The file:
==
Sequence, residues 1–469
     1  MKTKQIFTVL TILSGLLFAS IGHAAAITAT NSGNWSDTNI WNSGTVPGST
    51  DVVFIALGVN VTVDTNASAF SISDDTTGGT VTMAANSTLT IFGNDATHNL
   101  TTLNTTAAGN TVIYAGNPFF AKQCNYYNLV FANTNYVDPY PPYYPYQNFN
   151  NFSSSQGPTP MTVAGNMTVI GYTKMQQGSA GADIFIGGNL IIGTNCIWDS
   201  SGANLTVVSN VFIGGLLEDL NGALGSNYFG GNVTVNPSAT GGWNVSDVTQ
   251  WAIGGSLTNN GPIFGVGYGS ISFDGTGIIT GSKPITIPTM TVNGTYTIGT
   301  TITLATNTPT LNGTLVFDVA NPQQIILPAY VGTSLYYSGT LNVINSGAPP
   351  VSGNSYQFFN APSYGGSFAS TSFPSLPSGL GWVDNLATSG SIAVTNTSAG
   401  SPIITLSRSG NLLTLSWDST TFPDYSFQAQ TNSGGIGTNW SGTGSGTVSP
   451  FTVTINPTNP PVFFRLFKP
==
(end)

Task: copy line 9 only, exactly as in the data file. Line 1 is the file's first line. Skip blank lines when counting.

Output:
   351  VSGNSYQFFN APSYGGSFAS TSFPSLPSGL GWVDNLATSG SIAVTNTSAG